Located in the Arganzuela district in the south of Madrid, Mercado Matadero is the city’s former slaughterhouse built between 1910 and 1924. The complex, an outstanding example of industrial architecture from the beginning, is now one of the cities cultural hotspots and an important attraction point on the newly redeveloped riverfront, Madrid Rio.
Its history follows the same paths as other former food production sites in Europe which have been relocated to the periphery of the city, leaving their former majestic buildings to be repurposed or left in ruin. After the Second World War Mercado Matadero became a storehouse and only in the beginning of 90s it was rediscovered and transformed for a short period into the headquarters of the Spanish National Ballet until 1996, when it was again abandoned and became a place occupied by squatters and homeless people.
Only in 2006 and in connection with the large scale Madrid Rio, riverfront redevelopment project, the Municipality of Madrid realising the potential of this huge unused space and together with public and private institutions, renovated the site and turned it into what is now an emerging cultural centre, a laboratory for culture, design and urban studies for the entire city.
As part of the new project, the six naves (halls) have been repurposed to serve a wide array of cultural sectors: The Nave Español as a theatre and dance space, Cineteca showcases all activities related to audiovisual production, Intermediae is a space for collective projects open to public participation and Centro del Diseño is dedicated to design.
But the complex is also housing non public actors. Casa de Lector, a high-tech literature and exhibition centre was established as a foundation promoting reading by the Spanish publisher Anaya after a 16.8 million euro makeover of a the former pig slaughterhouse.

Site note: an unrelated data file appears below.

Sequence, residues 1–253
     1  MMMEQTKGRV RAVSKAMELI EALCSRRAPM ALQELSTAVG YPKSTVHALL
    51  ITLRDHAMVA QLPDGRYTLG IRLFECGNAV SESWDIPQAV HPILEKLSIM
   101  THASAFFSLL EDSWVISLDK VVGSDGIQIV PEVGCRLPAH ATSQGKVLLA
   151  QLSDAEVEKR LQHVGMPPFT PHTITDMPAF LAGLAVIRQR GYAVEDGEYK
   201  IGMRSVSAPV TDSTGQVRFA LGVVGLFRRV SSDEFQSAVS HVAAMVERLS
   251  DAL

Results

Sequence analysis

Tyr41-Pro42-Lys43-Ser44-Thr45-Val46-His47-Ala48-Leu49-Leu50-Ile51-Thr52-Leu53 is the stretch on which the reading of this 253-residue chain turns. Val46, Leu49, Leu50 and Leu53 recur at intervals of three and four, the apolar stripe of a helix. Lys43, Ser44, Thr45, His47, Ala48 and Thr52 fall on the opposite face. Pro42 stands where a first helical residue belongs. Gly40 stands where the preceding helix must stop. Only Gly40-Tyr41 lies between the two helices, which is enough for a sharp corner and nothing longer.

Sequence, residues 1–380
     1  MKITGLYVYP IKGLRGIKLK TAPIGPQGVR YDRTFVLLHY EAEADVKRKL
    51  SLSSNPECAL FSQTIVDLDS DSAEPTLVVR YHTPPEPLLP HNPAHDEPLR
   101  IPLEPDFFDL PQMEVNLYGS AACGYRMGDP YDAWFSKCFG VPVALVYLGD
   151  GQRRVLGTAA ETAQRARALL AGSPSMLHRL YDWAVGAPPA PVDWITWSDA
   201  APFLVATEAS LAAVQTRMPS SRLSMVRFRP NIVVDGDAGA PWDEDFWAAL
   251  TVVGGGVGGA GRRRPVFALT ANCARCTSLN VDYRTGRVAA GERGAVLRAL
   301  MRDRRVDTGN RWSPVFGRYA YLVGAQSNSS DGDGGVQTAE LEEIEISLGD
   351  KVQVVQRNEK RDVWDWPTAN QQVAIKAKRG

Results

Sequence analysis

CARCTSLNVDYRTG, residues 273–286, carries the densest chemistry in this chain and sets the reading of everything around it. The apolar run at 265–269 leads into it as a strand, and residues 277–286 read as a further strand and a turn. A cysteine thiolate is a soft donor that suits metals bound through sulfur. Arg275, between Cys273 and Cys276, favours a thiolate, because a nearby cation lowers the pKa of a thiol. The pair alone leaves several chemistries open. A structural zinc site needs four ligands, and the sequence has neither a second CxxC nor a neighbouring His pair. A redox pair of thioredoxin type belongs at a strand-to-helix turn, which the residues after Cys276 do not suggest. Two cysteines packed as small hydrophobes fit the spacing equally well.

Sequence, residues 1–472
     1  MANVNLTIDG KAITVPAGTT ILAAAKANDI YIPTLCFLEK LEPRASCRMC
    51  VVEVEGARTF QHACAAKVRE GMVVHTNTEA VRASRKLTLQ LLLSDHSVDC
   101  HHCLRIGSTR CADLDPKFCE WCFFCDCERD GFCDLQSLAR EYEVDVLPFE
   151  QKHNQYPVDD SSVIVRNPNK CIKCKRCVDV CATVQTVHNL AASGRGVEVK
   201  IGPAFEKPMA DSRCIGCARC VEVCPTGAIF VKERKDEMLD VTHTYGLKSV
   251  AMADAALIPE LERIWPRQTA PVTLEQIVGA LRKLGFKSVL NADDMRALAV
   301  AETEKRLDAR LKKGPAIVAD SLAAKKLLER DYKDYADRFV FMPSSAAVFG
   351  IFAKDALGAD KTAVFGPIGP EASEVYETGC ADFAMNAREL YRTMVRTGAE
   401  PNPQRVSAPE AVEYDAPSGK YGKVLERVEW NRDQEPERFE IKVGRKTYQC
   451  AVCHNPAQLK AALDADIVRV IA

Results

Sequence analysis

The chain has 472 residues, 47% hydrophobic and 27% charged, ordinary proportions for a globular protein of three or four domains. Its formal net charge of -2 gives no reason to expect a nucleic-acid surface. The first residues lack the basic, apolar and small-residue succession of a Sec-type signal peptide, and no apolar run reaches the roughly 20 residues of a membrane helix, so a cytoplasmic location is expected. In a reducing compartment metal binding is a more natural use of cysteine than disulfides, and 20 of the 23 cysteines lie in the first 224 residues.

For a brief period of time starting with 2011, Red Bull also moved into Mercado Matadero. It spent more than $2.2 million to create its own musical academy and fashion a garden in the interior of the building, where there are also whimsical sandbag huts built on top of the red earth ordinarily used in bullfighting rings. The academy includes a professional recording studio and performing space, part of Red Bull’s international network of music workshops and concerts that it has organized since 1995 in cities from New York to Berlin to promote its brand.
If the buildings contained on the site are now each host to a high rank cultural institution, the large public space which revolves around them was opened to host weekly temporary events like design and local food fairs, thus inviting to some extent, other private parties and civil society groups in the ongoing reimagining of the site.
Since 2012, the entire management of Mercado Matadero was transferred from the municipality to Madrid Destino, a public company owned by Madrid City Council, giving the complex a much needed level of autonomy and more decision power to its constellation of stakeholders.
Although, far from its advertised goals, Mercado Matadero has still managed to go beyond the rigid publicly managed cultural institutions and develop new forms of cultural management, promoting citizens participation and a more bottom-up model of organisation, at least for some parts of its site.
The main weakness of the project still comes from its rather top-down approach and investment which as in the case of the adjacent Madrid Rio project has lead to extreme municipal depts and very hard to quantify gains. Not surprisingly, its most popular functions are not its most expensive ones but the places that allow co-creation of their content: the community centre and the open air fairs. This demonstrates once again the need for public institutions to go beyond megalomaniac investments as the only conceivable solutions and to think instead about becoming platforms and facilitators, allowing private parties and the civil society to take part of the production of shared spaces bringing with them their own diverse expertise.